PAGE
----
Aidan Gallagher, star of the Netflix superhero drama The Umbrella Academy, is worried that the future of the planet is grim. In a recent interview, the environmental campaigner told the United Nations Environment Programme (UNEP) that our ecosystems are under threat, and it is up to our leaders – and every one of us – to protect them.
Gallagher was, at 14, the youngest Goodwill Ambassador ever to be designated in the United Nations system. He is now working with Envision Racing, the Formula E racing team, to plant thousands of mangrove trees in Madagascar.
Gallagher has joined Envision Racing’s Race Against Climate Change campaign, which encourages people to make a climate action pledge. So far, more than 101,000 pledges have been taken in conjunction with Gallagher’s tree-planting initiative, TreesWith Aidan. These pledges include everything from using green transport to eating a more plant-based diet to recycling more. For every pledge made, Envision Racing will plant, through their partner Eden Reforestation, a mangrove tree along Madagascar’s coastline.
Mangroves are a remarkable tree at home on waterlogged coastlines in tropical and sub-tropical regions. Their root systems protect communities from flooding and are home to a diverse array of wildlife.
Mangroves are also a carbon store; the soil that mangroves thrive in is carbon-rich and over time the mangroves capture this sediment and hold it and the carbon in place. It is estimated that mangroves extract up to five times more carbon from the atmosphere than forests on land, making them a vital tool in the battle against the climate crisis.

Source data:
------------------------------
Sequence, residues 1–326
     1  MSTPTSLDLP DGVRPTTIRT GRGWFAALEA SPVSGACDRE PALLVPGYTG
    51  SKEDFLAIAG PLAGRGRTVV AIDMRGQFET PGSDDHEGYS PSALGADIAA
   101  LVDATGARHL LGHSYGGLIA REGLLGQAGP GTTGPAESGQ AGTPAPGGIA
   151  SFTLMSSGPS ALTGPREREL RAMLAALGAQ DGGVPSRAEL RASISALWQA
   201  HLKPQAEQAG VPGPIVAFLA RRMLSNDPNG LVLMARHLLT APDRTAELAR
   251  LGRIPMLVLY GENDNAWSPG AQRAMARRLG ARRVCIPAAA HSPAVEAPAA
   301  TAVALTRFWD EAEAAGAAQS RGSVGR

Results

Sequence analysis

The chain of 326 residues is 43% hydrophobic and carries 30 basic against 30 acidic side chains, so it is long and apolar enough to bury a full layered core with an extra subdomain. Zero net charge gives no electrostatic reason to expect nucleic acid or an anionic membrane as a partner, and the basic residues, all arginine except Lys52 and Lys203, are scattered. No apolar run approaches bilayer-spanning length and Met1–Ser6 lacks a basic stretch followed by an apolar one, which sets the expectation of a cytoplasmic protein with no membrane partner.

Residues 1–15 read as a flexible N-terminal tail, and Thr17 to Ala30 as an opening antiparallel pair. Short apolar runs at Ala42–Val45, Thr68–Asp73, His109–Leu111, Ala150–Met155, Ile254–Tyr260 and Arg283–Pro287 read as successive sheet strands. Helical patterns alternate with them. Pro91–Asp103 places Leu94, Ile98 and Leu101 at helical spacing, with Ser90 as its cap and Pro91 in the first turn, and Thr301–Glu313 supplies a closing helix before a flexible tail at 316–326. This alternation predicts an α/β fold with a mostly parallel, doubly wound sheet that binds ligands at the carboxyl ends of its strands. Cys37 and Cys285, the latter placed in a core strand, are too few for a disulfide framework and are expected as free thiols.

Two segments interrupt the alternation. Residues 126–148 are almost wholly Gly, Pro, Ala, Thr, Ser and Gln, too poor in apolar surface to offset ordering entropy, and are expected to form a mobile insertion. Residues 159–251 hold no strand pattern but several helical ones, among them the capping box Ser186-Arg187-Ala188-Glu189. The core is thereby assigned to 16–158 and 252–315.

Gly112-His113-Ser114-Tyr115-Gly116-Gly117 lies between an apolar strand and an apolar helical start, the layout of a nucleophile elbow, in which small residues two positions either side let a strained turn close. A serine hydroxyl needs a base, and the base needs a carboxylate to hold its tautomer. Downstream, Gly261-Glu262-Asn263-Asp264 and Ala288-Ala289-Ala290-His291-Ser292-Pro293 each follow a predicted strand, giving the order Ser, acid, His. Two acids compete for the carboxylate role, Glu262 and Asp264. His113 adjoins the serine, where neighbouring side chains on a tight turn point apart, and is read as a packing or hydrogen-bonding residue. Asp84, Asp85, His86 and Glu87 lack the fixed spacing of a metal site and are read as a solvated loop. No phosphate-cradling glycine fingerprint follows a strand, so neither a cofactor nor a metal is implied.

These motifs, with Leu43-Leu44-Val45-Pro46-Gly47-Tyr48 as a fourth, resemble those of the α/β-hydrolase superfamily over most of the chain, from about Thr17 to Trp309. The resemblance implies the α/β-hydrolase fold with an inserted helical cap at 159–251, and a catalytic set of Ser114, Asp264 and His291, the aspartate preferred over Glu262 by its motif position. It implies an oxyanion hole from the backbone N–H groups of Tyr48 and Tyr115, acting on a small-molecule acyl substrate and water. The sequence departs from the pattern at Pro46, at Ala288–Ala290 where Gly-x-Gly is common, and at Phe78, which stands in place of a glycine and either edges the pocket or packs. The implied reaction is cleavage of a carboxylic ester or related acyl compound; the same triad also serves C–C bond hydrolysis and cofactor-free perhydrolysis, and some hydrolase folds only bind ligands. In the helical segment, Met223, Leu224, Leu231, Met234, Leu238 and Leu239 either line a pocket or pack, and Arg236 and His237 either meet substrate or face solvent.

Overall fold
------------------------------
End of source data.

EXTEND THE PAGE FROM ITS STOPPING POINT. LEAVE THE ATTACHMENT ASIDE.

Yet, between 2015 and 2020, 10 million hectares of forest were destroyed – mostly in tropical regions – and this loss of biodiversity is expected to accelerate unless actions to halt and reverse degradation of ecosystems are urgently implemented.
We spoke to Gallagher about the restoration project and his hopes for the future.
UNEP: How did this project come about?
Aidan Gallagher (AG): I’ve been thinking about planting trees for a while now. Envision is a sustainable company which makes it the perfect partner to replant forests. The most challenging aspect of this entire initiative has been communicating the opportunity at hand. It takes people a second to realize that we are essentially offering a way to plant a tree for free, as many times as you want.
UNEP: Which trees are they, and why did you choose those?
AG: Envision Racing is working with Eden Reforestation to plant mangrove trees, mostly in Madagascar. The main reason we are planting these mangrove trees is because they absorb enormous amounts of carbon. Mangroves and their soils are super-absorbers of carbon.
UNEP: Scientists have estimated that we only have this decade to avert the climate catastrophe and mass biodiversity loss – how does that make you feel?
AG: When people hear something like that, they can either be motivated or distract themselves – because it’s a very scary thing to hear. In terms of how it relates to this initiative, it makes me feel that we have a lot of work ahead of us. I would love to see TreesWithAidan become something that spreads throughout school systems and that feels very approachable to take part in.
UNEP: What is something that everyone can do for our trees and forests?
AG: Well right now with TreesWithAidan you can plant a free mangrove tree in Madagascar. All you have to do is take one of the 10 climate pledges on the Envision Racing website.